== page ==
When I was a younger Christian and Student Minister, I would often emphasize to my students over and over again that “Christianity is a relationship.” Strangely, that was not always a popular thing to say. In fact, I was often criticized by older pastors who warned me against saying such a thing because it was pietistic, mystical, and based on emotion rather than the firm foundation of scripture. This always confused me. Everything I read in scripture seemed to say the same thing. In fact, the gospel of John seems to bleed that truth out in every single word.
- “The Word became flesh and dwelt among you.”
- “I am the good shepherd; I know my sheep and my sheep know me— just as the Father knows me and I know the Father.”
- “(I pray) that they may all be one, just as you, Father, are in me, and I in you, that they also may be in us.”
- “For God so loved the world, that He gave us His only Son…”
Certainly, I could go on and on, citing one scripture passage after another that pounds this reality home – “Christianity is a relationship!” The Bible is absolutely bulging with this truth. Yet, I wonder what makes Christians so afraid of this idea. Could it be the idol of control? Could it be that it requires daily reliance? Maybe, just as I mentioned earlier, we legitimately fear that emphasizing this idea would indeed cause Christians to stray from God’s Word and become “overly pietistic, mystical, and emotional?” I know that could surely happen. But should we allow our idolatry and fears to shape our theology? Should the fences that we build to keep out bad theology be so thick and armored that they also keep out good theology? No. That’s not the way. If we are going to build our theology on the firm foundation of Scripture, then we have to listen to what the Bible says. And it says clearly and loudly – Christianity is a glorious relationship with God through our Lord Jesus Christ.
I Corinthians 1:30 says, “It is because of Christ that you are in Christ Jesus, who has become for us wisdom from God—that is, our righteousness, our holiness and our redemption.” Notice here that Christ doesn’t simply give us wisdom. Christ is our Wisdom. Christ doesn’t simply give us righteousness. He is our Righteousness. He is our Holiness. He is our Redemption. Christ Himself is our Greatest Gift!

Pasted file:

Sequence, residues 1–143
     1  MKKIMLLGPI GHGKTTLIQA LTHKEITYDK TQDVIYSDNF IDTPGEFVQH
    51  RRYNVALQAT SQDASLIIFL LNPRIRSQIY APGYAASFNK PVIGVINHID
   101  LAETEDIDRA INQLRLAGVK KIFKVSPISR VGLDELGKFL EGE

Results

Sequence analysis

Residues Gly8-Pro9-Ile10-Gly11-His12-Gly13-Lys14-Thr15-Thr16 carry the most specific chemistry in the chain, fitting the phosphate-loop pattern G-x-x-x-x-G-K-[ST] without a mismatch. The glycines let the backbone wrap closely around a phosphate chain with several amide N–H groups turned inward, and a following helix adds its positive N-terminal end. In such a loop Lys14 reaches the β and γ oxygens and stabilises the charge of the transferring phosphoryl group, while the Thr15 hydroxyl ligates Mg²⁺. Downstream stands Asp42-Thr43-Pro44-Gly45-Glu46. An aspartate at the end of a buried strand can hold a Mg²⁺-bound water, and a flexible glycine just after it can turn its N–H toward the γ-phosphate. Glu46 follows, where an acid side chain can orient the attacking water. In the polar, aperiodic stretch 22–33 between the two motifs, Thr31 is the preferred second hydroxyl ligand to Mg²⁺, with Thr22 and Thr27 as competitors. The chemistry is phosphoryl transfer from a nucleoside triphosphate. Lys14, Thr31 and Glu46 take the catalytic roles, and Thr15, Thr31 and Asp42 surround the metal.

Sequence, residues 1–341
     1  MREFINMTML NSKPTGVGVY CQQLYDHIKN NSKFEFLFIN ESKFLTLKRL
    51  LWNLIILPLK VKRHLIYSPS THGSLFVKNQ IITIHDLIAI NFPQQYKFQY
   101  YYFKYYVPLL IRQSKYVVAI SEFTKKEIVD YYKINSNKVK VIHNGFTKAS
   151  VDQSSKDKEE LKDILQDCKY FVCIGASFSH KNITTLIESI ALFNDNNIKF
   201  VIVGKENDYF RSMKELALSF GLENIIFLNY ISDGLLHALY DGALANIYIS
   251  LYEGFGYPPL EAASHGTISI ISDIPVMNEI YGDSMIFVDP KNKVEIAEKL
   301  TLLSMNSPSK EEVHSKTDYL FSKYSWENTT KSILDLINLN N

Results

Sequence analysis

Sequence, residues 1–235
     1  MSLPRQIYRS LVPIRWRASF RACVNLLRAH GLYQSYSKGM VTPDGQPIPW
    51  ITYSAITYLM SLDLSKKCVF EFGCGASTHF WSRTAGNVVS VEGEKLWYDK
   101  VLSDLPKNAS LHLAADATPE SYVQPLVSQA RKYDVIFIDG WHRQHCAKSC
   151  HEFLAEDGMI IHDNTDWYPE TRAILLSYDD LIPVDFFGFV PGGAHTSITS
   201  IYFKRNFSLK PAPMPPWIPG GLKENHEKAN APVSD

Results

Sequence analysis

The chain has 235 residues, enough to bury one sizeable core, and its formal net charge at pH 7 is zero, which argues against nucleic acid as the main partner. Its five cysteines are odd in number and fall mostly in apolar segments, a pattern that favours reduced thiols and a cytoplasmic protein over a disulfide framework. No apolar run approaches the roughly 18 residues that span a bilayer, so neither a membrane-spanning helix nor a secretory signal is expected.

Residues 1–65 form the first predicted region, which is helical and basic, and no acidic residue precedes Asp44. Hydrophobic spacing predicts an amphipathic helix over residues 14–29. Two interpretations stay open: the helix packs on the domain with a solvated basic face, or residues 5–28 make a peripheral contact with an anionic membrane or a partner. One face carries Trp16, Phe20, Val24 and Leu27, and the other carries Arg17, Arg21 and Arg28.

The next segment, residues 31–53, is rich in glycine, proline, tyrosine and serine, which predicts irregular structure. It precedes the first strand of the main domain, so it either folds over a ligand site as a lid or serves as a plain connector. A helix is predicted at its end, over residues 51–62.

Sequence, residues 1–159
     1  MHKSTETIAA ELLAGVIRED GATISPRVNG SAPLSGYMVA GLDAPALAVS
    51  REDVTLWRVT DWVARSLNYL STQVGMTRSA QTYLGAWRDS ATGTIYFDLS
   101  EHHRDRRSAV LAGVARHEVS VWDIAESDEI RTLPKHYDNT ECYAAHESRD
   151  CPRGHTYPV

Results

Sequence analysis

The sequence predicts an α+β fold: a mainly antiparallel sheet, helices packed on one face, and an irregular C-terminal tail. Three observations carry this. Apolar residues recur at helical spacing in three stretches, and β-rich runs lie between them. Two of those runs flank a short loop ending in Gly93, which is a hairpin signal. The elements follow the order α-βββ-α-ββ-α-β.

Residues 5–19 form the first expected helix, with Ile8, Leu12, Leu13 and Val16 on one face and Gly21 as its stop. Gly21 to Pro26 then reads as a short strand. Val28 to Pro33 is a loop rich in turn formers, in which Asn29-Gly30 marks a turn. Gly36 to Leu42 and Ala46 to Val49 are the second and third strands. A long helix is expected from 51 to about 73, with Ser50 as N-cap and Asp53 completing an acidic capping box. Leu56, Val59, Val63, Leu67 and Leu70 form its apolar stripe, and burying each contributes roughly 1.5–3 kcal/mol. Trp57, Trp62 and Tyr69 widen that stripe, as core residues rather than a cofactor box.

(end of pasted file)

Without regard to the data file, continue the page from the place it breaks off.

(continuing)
Colossians 1:27 really brings this reality home: “Christ in you, and this is our hope of glory.”
Let me offer an illustration to help you get a fuller picture of what I’m trying to say. My friend and co-assistant pastor at Surfside Presbyterian, Justin Woodall, is a really intelligent guy. He has loads of books in his office library. I mean “loads” of books! Now, sometimes people ask me, “Tim, why don’t you have as many books in your office library as Justin has in his?” I usually answer, “Well that’s simple. It’s true that Justin has more books. But you know, I have Justin. Why do I need more books, when I have Justin right across the hall?” Now, this certainly doesn’t mean that I shouldn’t read and study for myself. Certainly I should. But, at the end of the day, I have a guy who is much smarter than me right across the hall to help me understand what I read and study, and quite frankly, he reads books that I would never even pick up. They’re just too thick! Now, in similar fashion, yet in far greater measure, just as I have Justin right across the hall, we Christians all have Christ. We have the Spirit of God dwelling inside of us! Isn’t that fantastic! We have an incredibly intimate relationship with the most wise, loving, beautiful, glorious, powerful, and gracious person in the universe!
So then, when we need wisdom, we need to remember that we have Christ. Christ is our Wisdom. He doesn’t simply give us “wisdom” as a possession. He gives us Himself! Christian, think about what a great gift we have in Jesus. He is closer than our closest friend. He can hear our every whisper. He knows our every pain. He listens to our faintest cry. He is not just right beside us. He is in us. And we are in Him! So then, we don’t need wisdom, or righteousness, or holiness, or redemption, or anything else apart from Christ. Instead, we need Christ to be our Wisdom, to be our Righteousness, to be our Holiness, and to be our Redemption. Christ is our Salvation. Indeed, our hope and our glory is that we have a relationship with the King of all Creation. Rest today in that wonderful truth.
My hope is built on nothing less
than Jesus’ blood and righteousness
On Christ the solid Rock I stand
all other ground is sinking sand
all other ground is sinking sand